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Physicist Edward Witten, on the trail of universal truth Interview with the Genius

February 12, 1995|By Alice Steinbach | Alice Steinbach,Sun Staff Correspondent

He stops, then starts again, casually tacking onto his statement an appraisal of the impact that "striking prediction" had on him. "In general, it may have been one of the most thrilling intellectual insights of my life. And it influenced me because it did show something about what the future of theoretical physics should be."

Still, there were problems with string theory, problems of mathematical inconsistencies. By 1984, however, there was enough evidence to demonstrate that such inconsistencies could be eliminated in string theory. It was the final step in Dr. Witten's conversion. Pronouncing it "my life's calling," he began to concentrate on the theory he says "will dominate physics for the next 50 years."

Where's the proof?

But even with the final tying together of the subatomic forces with gravity, string theory has its doubters and skeptics.

Partly this has to do with the extreme difficulty of the mathematical framework underlying the theory.

"Much of his recent work has been mathematical," says renowned Harvard physicist Sidney Coleman. "And a lot of the math stuff Ed has done in the last 10 years is just beyond me. I wouldn't know a Donaldson invariant if it hit me in the head."

Another criticism is that string theory is only a theory; it has no experimental evidence to back it up. At the moment there is no particle accelerator that comes even close to being able to experimentally test the energies and distance scales involved in string theory. Some say it may never be possible to experimentally test this theory.

Such skepticism is of no concern to Dr. Witten. "Oh, I kind of chuckle at that kind of thing," he says. "There were loads of people who predicted in the '30s you could never find gravity waves, you could never find black holes or neutron stars or neutrinos -- just to mention a few. They were all considered science fiction. I think it's very shortsighted when people make such statements."

He smiles. "Some people are disappointed that the problems haven't all been solved already. What they have trouble understanding about string theory is that it really is a level of understanding of nature that's completely different from what's existed in the past. String theory has magical properties that we're far from really understanding."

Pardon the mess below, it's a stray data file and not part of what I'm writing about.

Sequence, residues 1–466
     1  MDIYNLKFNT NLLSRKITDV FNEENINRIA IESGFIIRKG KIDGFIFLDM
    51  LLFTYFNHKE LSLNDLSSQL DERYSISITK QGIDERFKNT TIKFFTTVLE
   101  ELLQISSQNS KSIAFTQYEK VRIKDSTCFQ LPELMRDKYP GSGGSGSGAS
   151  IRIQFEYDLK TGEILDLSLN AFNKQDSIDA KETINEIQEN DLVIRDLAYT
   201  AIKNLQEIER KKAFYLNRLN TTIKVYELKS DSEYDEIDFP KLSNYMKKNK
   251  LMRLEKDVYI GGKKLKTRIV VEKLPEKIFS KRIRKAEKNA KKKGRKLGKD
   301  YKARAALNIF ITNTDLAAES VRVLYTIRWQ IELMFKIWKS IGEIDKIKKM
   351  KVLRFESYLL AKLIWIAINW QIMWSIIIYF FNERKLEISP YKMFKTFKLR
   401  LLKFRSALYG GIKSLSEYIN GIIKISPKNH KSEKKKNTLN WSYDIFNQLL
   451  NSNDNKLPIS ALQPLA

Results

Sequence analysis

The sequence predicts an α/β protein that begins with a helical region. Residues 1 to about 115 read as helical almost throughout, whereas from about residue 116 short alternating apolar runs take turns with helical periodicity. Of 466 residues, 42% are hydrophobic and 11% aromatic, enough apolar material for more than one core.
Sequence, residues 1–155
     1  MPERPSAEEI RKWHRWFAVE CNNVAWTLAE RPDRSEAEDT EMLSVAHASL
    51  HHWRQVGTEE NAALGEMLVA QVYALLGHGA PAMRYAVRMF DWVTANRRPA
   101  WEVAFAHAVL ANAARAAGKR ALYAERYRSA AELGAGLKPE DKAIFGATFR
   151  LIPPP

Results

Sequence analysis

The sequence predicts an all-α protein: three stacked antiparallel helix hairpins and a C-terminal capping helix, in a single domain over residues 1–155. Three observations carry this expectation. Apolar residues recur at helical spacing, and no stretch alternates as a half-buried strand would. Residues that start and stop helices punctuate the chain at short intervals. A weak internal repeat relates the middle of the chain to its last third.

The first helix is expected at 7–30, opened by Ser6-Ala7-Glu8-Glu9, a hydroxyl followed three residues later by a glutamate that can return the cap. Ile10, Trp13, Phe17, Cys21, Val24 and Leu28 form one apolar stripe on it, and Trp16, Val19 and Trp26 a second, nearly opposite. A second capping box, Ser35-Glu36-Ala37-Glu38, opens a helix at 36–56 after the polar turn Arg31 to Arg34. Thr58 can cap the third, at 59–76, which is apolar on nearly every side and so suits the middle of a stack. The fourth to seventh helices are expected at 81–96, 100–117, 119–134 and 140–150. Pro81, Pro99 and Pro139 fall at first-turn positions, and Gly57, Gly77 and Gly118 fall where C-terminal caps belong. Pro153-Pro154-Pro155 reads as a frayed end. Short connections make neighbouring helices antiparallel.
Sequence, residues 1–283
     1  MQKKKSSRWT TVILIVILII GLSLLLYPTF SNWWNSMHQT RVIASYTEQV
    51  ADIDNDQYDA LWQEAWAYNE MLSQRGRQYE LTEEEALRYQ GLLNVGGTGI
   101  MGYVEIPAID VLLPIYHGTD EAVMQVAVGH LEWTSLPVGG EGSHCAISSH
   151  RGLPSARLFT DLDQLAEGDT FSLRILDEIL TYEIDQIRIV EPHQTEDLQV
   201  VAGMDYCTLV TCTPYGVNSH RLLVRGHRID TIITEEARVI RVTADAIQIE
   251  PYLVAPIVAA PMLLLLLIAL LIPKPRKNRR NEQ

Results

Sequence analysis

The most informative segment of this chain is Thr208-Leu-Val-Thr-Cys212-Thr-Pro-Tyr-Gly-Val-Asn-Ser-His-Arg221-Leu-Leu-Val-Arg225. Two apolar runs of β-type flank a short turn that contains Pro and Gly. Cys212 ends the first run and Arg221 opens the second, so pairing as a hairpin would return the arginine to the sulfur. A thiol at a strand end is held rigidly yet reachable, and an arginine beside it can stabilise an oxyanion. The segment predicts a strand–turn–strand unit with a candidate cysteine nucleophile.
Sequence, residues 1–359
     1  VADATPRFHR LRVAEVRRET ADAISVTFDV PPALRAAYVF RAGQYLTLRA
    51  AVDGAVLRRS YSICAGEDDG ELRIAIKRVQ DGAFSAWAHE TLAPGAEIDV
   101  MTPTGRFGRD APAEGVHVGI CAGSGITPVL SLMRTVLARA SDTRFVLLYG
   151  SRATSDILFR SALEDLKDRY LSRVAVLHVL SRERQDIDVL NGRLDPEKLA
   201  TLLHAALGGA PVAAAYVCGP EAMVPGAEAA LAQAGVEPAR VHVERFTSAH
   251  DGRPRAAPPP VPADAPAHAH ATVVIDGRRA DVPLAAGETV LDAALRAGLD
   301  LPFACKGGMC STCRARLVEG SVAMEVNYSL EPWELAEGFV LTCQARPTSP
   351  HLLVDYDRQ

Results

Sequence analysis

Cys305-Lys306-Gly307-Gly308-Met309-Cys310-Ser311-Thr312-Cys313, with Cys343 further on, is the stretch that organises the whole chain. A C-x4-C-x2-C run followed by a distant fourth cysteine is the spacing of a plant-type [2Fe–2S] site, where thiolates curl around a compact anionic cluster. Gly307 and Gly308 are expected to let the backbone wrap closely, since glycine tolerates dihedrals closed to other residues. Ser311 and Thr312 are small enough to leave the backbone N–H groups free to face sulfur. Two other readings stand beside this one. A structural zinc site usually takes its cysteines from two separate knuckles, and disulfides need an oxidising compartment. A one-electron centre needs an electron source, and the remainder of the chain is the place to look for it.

He stops, thinks of a way to convey exactly what he means: "One of the leading Italian string theorists was said to have said that string theory was a piece of 21st-century physics that fell by chance into the 20th century. And that's always been my position."

Still, he says he has not always been so certain of his own judgments. "I think one of the hardest things is to have confidence in your judgment about what's important. It's often happened to me that what I thought was really exciting wasn't necessarily considered really exciting by the people around me. Especially in the early stage of my career. But I have learned the hard way over the years that I have my judgments about what's significant in physics. And I've found out over the years that it's best to trust them."

'A basic purity'

What emerges finally from the circle of family and friends and those who know Edward Witten is this:

He is a man both loved and respected. Part of the respect, of course, is linked to his singular accomplishments. But another part is linked to something deeper: to the uncompromised, almost childlike response to life that still exists in him.

"There is a basic purity about this person," says his former teacher Kenneth Greif. "A kind of gentility and sweet simplicity about him that is very endearing."

One senses that those who know and care about Edward Witten are protective of him. Not of the theoretical physicist but of the endearing person who still wants to play bridge with his Baltimore aunts, who still makes an effort to know all of his cousins' children, who still worries a lot about hurting other people's feelings.

Still, it seems appropriate to let the learned theorist, not the endearing person, have the last word. Or, in this case, words. They are: truth and beauty. He uses them to explain the rewards of his work.

"Whether you think of them yourself or learn about them as a result of the work of others, good ideas -- really good ideas -- in math and physics are just much more beautiful than what you meet in other walks of life," Dr. Witten says.

"And part of the beauty of math and physics is that they're universal. If there are other civilizations in other galaxies, they discovered the same math we discovered -- because it's true. They might organize it differently but they've discovered the

same truth."

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